This effect of this phenomenon is not just centric on a single sector, as some research confirmed. Let’s take into consideration, for instance, the case of Australia. Specialists found out that the local regulatory footprint, which includes approximately 1,800 acts and over 83,200 subordinate instruments and quasi-regulations, is worth extra costs for about $95 billion per annum.
As a consequence of this trend, the interest around the issue is constantly growing by involving a number of players which are trying to find viable solutions to solve it by using their authority to act as a catalyst for change. For instance, in the UK the FCA stated that they are planning to increase collaboration with Regtech companies. Also Innovate Finance, the independent membership association which represents the UK's global FinTech community, set up the Transatlantic Policy Working Group (TPWG) in order to look for solutions to fix the fragmented scenario in the US.
In all these cases, Regtech, a blend word which indicates the mix of regulation and technology, is emerging as a way of effectively addressing regulatory challenges and connected costs by using software. According to FundRecs’ CEO, Alan Meaney, “like FinTech, PayTech, and many other combinations of XXXTech, Regtech is another example of an industry that is being changed rapidly by software.”
So, how can Regtech help financial firms improve the linkage between risk and business performance?
Generally speaking, the Institute for International Finance (IIF) argued in a recent report that by adopting new approaches to approaches to regulatory compliance. companies will free capital to be used for different purposes. In giving this advice, the IIF also identified the areas which could large benefit from this adoption such as risk data aggregation, modelling and real-time transactions monitoring.
A recent survey, moreover, revealed that 85 percent of professionals in the sector consider that RegTech can simplify and standardise compliance processes hence driving down compliance costs.
The rationale behind this, specialists claim, relies on some characteristics of Regtech including: increased agility, which allows cluttered and intertwined data sets to be de-coupled and organised through ETL (Extract, Transfer Load) technologies; higher speed, through which reports can be configured and generated quickly; better integration, meaning short timeframes to get solution up and running; analytics, as Regtech uses analytics tools to exploit the potential of data sets for multiple purposes.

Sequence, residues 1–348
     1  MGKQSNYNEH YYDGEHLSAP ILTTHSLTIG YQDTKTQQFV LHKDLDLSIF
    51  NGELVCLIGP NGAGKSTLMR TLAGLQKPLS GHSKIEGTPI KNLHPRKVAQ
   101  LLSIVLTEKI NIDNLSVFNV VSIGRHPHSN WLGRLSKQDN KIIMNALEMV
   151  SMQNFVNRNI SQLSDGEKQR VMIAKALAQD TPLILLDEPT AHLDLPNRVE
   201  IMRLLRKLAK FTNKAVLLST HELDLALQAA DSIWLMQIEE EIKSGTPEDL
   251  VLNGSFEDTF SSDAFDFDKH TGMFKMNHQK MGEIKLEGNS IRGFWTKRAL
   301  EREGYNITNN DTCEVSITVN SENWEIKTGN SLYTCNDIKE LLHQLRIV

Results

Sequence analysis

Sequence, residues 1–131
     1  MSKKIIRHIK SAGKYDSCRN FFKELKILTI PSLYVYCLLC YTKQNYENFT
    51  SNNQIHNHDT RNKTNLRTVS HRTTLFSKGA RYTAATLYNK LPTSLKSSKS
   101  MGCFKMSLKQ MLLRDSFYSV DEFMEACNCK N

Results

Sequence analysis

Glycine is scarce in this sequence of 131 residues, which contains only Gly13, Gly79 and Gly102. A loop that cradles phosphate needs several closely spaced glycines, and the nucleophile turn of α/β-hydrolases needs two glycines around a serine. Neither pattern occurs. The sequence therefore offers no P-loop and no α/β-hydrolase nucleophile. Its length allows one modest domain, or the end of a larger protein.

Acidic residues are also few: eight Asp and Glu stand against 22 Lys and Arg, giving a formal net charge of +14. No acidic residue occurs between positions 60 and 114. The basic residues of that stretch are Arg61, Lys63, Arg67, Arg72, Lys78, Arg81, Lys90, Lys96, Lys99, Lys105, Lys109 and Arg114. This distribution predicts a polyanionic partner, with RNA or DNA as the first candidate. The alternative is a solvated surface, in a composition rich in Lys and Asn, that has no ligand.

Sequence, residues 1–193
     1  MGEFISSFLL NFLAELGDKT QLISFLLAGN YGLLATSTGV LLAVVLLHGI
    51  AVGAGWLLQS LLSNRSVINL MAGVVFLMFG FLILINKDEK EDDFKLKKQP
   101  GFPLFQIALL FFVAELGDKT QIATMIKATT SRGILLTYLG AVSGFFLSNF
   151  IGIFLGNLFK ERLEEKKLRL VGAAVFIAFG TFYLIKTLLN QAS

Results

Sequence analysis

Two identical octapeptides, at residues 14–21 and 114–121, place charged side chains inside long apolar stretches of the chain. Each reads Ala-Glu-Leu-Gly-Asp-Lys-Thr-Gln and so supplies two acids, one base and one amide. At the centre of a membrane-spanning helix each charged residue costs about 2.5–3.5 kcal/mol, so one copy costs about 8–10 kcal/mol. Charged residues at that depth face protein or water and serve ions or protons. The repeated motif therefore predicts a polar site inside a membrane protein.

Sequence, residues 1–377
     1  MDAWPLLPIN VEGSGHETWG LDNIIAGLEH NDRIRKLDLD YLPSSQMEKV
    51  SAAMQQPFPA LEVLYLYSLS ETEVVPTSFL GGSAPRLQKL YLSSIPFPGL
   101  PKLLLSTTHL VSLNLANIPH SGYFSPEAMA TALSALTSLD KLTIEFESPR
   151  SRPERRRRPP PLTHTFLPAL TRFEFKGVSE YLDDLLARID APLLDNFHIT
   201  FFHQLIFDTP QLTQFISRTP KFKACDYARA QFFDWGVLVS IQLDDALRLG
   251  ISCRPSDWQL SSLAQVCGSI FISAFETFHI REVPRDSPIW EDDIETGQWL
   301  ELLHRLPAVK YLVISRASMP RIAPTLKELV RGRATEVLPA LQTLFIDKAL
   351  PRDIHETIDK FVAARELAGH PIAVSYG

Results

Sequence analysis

In light of this, Regtech has seen as an effective solution to secure increased levels of clarity and efficiency in the way regulation is interpreted, how compliance is managed and reports automated. In other words, in helping firms to automate the compliance tasks, Regtech will support management to lower risks related to meeting compliance and reporting obligations.
However, even though some critics argue that Regtech cannot be viewed as a panacea for all compliance challenges as subjectivity and other factors should be still considered pivotal in managing compliance risks, it definitely is a value addition in working well with heavily quantitative based obligations, information based obligations and risk identification and more in general with management tools.
Luca is a Doctoral Researcher in Entrepreneurship. Holding an MBA from Durham University Business School, he has developed his career in marketing working, over the past decade, with Fortune 500 companies across a number of industries. A former Financial Times blogger, he currently covers alternative finance on his brand-new blog, Oliver*.